The cobbler welcomed me as the first customer of the day. Both of us obviously did not know what we were getting into. I explained him the case with my Reebok shoes with few extra instructions from my side. He picked up my shoes and first tried to apply adhesive between the lower sole and the rubber cushioning but it didn’t work. He tried this again with a little more adhesive but the sole would not even come closer to the rubber cushioning. I could see his labor as he tried hard to press the two surfaces against each other while sitting in an awkward posture as for the Reebok shoes, they could not sit on his anvil. After a little while he decided to stitch the sole as an extra measure to keep it firmly supported on the rubber cushioning. He started with good faith in his idea only to discover a little later that the nature of the material used was too different and at the ends where he had to fasten a knot, he could not get his fingers inside the shoes close enough to do so. Somehow at last, he fastened the knot but I could clearly see that there was no finish.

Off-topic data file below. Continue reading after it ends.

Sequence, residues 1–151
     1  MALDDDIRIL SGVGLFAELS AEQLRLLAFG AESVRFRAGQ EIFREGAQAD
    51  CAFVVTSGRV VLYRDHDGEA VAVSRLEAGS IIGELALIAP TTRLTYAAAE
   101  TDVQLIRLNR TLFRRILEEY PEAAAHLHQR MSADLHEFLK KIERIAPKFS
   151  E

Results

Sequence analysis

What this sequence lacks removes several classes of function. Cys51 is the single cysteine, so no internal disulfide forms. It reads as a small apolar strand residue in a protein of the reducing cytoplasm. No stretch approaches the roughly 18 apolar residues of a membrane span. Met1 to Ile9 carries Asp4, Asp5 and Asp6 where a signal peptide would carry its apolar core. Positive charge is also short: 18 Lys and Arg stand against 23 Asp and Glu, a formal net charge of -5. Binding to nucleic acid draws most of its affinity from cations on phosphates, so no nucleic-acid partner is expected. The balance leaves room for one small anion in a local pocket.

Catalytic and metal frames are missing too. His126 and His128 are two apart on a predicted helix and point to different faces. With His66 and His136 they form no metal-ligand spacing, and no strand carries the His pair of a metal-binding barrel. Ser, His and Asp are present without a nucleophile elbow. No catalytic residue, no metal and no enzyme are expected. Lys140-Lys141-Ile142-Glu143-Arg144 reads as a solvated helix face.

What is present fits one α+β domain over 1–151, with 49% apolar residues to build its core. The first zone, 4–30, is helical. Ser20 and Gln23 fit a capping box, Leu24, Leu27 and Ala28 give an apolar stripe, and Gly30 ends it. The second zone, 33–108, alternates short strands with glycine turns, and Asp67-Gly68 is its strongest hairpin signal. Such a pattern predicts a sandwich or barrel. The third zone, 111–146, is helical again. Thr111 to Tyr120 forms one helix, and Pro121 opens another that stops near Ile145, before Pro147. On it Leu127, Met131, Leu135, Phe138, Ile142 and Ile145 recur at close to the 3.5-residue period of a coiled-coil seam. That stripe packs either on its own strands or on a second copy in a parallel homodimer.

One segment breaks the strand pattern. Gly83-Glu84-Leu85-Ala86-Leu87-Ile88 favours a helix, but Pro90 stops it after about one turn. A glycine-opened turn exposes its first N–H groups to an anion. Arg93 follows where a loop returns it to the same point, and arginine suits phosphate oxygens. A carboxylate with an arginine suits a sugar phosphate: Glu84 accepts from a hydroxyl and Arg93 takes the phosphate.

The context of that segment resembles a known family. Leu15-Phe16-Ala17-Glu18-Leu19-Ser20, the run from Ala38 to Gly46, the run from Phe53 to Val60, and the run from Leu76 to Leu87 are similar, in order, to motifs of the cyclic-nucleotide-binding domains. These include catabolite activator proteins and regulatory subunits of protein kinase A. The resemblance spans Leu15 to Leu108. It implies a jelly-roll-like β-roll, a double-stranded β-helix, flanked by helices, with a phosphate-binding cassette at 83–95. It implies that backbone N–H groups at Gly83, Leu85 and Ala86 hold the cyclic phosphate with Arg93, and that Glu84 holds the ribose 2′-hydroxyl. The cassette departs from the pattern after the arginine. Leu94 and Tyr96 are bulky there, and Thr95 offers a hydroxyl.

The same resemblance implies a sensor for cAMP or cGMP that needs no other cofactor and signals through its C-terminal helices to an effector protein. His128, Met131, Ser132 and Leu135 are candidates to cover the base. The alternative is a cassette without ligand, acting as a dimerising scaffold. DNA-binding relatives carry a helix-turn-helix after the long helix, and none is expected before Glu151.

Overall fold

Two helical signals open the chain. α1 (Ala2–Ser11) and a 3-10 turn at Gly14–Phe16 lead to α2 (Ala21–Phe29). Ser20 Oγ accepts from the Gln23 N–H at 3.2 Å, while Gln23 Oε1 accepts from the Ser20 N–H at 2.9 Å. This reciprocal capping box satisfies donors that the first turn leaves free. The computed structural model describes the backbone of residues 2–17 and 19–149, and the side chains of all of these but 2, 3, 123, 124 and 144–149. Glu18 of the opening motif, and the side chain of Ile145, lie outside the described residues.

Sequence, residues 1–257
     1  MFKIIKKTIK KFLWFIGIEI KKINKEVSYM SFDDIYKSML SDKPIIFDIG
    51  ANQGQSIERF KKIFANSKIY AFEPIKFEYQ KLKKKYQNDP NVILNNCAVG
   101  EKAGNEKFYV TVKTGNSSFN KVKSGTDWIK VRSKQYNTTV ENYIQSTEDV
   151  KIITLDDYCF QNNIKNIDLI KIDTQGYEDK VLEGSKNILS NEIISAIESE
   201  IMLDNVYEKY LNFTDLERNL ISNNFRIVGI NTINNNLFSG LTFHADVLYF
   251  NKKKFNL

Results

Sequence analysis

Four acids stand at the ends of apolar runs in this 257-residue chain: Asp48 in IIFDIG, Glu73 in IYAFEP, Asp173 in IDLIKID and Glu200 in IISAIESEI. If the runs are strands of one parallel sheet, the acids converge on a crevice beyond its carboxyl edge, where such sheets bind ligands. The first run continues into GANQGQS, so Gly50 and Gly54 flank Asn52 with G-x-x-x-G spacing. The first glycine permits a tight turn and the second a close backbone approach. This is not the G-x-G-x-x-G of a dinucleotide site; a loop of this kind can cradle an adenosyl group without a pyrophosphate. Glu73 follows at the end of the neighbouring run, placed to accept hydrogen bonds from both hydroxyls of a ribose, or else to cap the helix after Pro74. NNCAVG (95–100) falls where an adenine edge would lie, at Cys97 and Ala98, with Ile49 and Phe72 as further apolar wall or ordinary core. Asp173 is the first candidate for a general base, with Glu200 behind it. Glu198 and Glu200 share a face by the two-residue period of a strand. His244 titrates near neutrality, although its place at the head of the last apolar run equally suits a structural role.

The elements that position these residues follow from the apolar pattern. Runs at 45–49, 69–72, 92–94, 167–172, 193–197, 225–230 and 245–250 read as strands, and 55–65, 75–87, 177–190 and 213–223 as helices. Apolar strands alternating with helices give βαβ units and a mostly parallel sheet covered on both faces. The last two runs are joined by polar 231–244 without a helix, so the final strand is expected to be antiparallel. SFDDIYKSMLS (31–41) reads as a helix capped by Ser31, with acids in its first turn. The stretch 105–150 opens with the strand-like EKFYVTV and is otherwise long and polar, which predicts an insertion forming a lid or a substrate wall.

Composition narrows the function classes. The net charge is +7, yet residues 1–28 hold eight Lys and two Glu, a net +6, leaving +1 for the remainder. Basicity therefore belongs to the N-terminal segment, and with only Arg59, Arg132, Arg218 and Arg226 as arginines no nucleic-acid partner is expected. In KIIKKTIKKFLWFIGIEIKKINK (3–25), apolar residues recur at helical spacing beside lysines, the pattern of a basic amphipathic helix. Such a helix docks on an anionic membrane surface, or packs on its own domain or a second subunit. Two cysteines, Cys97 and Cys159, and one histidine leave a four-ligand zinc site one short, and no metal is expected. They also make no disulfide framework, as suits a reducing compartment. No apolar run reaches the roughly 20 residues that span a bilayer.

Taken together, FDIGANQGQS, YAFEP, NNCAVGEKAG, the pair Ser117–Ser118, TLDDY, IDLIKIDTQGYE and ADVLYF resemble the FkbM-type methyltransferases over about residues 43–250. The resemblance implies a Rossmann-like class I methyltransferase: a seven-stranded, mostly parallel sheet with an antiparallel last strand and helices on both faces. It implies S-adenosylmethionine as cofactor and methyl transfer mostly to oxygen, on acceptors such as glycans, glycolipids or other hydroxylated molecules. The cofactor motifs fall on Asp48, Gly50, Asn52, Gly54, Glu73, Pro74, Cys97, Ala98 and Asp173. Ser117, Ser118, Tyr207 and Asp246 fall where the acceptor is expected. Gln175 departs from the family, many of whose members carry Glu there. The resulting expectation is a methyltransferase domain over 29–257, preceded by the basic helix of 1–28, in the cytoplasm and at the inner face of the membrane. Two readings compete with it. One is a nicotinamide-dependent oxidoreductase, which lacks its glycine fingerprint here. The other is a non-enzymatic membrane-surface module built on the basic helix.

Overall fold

There is of course a happy end to this story (often questionable though) too. I paid him what he asked for as his fees, Rs 20 (1 % of the original cost of the shoes) and left the place.
I was wondering whose story actually had a happy ending – a Cobbler’s one who is accustomed to be a part of a cyclic- self sustaining system or a Reebok’s one – companies which follow a highly linear process of production with no share for anyone in the system? In my mind, I carefully skipped the question of who is responsible as it risks involving myself as a consumer too.